Thomson, Tom - The West Wind
Type of Spiritual Experience
Wikipedia - Trees
Thomson's most famous paintings are his depictions of pine trees, particularly The Jack Pine and The West Wind. David Silcox has described these paintings as "the visual equivalent of a national anthem, for they have come to represent the spirit of the whole country, notwithstanding the fact that vast tracts of Canada have no pine trees", and as "so majestic and memorable that nearly everyone knows them". Arthur Lismer described them similarly, saying that the tree in The West Wind was a symbol of the Canadian character, unyielding to the wind and emblematic of steadfastness and resolution.
Thomson had a great enthusiasm for trees and worked to capture their forms, their surrounding locations, and the effect of the seasons on them. He normally depicted trees as amalgamated masses, giving "form structure and colour by dragging paint in bold strokes over an underlying tone". His favourite motif was of a slight hill next to a body of water. His enthusiasm is especially apparent in an anecdote from Ernest Freure, who invited Thomson to camp on an island on Georgian Bay:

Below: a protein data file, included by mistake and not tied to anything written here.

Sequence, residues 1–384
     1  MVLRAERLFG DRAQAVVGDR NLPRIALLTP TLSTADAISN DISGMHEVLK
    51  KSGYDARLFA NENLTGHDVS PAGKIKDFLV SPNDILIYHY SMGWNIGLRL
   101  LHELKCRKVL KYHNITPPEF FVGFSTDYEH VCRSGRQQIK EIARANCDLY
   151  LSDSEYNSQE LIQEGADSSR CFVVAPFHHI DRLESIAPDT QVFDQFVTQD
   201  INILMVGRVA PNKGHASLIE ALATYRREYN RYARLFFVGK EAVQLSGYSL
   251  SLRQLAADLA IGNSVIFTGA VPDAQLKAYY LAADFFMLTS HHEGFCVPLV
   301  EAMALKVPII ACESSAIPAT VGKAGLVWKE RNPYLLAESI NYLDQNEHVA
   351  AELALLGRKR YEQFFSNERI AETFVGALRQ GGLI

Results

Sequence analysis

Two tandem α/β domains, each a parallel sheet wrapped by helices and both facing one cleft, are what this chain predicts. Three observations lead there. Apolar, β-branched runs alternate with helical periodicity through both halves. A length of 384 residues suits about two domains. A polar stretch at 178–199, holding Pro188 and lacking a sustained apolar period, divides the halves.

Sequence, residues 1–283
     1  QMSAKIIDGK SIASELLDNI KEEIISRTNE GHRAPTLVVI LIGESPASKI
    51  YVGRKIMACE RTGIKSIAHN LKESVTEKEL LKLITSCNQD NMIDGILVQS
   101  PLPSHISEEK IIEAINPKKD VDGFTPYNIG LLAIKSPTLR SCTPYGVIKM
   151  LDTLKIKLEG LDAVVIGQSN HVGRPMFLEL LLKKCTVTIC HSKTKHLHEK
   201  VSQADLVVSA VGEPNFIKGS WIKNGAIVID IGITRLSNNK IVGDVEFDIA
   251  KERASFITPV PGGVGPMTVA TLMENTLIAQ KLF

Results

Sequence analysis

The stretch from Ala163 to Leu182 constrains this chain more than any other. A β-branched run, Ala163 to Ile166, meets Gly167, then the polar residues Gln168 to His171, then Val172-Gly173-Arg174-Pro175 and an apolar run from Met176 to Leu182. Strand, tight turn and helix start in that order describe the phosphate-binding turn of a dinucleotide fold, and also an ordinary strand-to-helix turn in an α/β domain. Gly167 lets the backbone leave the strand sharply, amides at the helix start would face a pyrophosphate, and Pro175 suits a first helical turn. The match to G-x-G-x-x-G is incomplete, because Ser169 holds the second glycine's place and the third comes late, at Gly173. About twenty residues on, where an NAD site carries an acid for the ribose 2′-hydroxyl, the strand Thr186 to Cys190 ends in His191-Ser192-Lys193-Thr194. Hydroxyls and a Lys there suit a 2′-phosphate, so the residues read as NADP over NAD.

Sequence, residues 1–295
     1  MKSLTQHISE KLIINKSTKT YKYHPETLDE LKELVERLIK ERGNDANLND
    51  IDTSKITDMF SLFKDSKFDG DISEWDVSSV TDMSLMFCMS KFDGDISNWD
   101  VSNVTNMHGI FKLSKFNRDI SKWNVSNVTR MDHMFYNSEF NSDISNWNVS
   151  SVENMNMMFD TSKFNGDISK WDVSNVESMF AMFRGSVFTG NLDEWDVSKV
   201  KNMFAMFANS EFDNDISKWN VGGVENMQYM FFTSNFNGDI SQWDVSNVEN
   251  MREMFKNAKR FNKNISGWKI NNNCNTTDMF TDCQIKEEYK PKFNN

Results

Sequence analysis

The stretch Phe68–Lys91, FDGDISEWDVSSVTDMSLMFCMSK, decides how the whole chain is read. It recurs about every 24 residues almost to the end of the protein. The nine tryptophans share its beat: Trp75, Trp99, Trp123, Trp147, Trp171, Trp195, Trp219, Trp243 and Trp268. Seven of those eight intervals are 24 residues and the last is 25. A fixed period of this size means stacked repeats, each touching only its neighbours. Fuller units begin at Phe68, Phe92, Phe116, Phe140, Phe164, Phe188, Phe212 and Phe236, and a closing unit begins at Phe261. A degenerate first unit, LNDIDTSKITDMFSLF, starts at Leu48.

One day while we were together on my island, I was talking to Tom about my plans for cleaning up the dead wood and trees and I said I was going to cut down all the trees but he said, "No, don't do that, they are beautiful."
The theme of the single tree is common in Art Nouveau, while the motif of the lone, heroic tree goes back even further to at least Caspar David Friedrich and early German Romanticism. ………….
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